Mr. Ho's Orchestrotica – The Unforgettable Sounds of Esquivel (2010)

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by Mark Saleski

Walk down the street and stop twenty random people, asking them their opinion of Esquivel? If you get less than 19 “Huhwuh?”‘s, I’d be impressed. That’s sort of too bad because Juan Garcia Esquivel had far too many musical ideas in his head. Add some pedal steel to the sound of a big band? Why not?! Zingy wordless vocals? Can you say “Zu Zu Zu!”? How about recording two orchestras simultaneously? Was that stereo? Sort of.

I fell in love with this stuff when I went through my own lounge music phase. What? You didn’t have one of those? Really?

Well, I suppose the music’s not for everybody. I’m thinking that I had a predisposition to it because my folks were big fans of the Rat Pack, Englebert Humperdink, Montovani, and all of that. I’d pretty much forgotten about it until I stumbled onto a weekly show on WJUL, the UMass Lowell’s radio station. Programmed by a man named Domenic Ciccone, the 3-hour segment was chock full of loungy goodness, from Les Baxter to Yma Sumac to lesser-known artists including Pink Martini and Rhode Island’s Combustible Edison. This last group is very important because it provides a direct link to Mr. Ho’s Orchestrotica.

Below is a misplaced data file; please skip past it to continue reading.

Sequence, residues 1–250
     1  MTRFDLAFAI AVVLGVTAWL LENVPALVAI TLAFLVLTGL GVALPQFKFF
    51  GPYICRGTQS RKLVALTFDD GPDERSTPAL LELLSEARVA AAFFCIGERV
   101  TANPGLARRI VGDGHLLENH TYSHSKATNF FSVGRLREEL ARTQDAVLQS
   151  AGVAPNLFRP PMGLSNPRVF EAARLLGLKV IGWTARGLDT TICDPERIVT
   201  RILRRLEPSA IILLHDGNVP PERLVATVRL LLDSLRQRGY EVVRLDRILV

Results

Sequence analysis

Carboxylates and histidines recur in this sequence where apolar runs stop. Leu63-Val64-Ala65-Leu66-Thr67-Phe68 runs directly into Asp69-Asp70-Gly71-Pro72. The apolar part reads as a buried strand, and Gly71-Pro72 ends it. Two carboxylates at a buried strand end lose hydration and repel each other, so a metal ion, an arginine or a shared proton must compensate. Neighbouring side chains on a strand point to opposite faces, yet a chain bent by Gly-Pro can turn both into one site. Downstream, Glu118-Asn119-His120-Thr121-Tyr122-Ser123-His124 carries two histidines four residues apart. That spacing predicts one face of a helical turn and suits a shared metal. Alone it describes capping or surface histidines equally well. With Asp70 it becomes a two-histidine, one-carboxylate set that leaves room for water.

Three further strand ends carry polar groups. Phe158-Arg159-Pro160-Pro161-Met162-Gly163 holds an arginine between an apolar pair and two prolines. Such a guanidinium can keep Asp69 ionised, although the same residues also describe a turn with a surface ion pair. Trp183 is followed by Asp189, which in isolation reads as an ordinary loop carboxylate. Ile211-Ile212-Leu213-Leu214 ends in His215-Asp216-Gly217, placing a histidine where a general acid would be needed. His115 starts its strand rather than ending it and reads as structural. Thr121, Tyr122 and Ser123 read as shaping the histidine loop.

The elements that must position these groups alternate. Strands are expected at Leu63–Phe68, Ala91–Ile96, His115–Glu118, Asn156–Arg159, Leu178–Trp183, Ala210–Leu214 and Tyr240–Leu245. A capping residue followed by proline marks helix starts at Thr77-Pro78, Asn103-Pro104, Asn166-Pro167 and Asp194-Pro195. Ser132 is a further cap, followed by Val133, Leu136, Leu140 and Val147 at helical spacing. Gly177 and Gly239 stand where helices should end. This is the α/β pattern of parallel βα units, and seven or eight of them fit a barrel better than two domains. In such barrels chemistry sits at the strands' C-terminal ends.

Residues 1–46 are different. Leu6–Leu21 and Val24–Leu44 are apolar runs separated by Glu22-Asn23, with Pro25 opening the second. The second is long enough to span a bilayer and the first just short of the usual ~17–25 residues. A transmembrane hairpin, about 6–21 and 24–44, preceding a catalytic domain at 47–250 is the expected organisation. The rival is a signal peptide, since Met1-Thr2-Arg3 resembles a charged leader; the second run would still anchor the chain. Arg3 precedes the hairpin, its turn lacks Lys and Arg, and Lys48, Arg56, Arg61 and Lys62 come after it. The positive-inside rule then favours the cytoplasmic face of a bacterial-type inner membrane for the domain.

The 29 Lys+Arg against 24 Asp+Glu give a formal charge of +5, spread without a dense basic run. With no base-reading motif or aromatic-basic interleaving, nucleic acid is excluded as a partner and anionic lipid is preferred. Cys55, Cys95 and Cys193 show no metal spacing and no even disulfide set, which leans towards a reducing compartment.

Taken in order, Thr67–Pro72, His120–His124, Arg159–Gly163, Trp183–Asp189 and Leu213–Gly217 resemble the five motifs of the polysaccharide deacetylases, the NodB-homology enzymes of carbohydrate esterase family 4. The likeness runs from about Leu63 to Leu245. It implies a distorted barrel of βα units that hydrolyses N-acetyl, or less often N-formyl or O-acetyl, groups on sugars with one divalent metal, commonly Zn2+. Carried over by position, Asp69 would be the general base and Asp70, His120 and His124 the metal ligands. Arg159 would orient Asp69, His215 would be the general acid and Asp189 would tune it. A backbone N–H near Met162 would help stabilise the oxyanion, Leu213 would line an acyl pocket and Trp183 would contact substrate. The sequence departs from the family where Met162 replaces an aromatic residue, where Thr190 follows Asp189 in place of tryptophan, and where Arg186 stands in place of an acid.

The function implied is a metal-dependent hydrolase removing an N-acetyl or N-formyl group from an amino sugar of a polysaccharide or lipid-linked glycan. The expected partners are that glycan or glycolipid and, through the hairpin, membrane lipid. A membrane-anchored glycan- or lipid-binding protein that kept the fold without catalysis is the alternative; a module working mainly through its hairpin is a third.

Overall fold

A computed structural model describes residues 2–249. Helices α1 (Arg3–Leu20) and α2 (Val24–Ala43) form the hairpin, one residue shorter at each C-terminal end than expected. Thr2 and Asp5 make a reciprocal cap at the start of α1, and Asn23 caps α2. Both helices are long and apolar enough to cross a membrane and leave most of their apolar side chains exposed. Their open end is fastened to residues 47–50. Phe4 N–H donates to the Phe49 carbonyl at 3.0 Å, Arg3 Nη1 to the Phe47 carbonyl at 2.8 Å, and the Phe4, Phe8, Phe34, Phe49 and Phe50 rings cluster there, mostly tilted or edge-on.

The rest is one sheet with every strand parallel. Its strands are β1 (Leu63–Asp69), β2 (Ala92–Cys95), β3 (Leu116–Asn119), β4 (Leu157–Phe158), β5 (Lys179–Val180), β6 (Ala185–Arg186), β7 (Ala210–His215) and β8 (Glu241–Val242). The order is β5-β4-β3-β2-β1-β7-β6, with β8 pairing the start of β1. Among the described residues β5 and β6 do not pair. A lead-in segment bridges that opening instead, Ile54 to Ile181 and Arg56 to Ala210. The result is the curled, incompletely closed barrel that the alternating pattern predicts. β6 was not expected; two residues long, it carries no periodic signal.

Produced by Brother Cleve, a long-time fixture on the New England music scene (Del Fuegos, Barrence Whitfield & the Savages, Combustible Edison), Mr. Ho’s Orchestrotica pays tribute to the master of bizarre by recreating, live in the studio, Esquivel’s long-lost arrangements of these popular hits of the Mad Men era.

If you’ve never heard Juan Garcia Esquivel’s music before, this isn’t a bad place to start. The label “big band” doesn’t quite provide an accurate description as there are so many other elements: humor, pop, classical, jazz, and Latin sensibilities. The trumpets are barely contained, the congas & bongos play with no shame, and the vocalists “zu zu” their way through “Sentimental Journay,” “Dancing In The Dark,” “Night and Day,” and “Take The A Train.” It’s quite a treat to hear his unique use of instruments such as the pedal steel guitar, providing counterpoint to the vicious horn blasts on tunes like Esquivel’s own “Mini Skirt.”

Descriptions of Esquivel’s music can leave the uninitiated thinking that there’s too much camp going on. But the humor and open-hearted embrace of many musics gave the albums that much more power. The Unforgettable Sounds of Esquivel is smartly bookended with the opening “Andalucia,” (Ernesto Leuona’s bullfighting powerhouse) and Alfred Newman’s film-noirish “Street Scene.” The stylistic reach on display illustrates both Esquivel’s creative outlook and the Orchestrotica’s ability to render it.

Now…where’s my martini?

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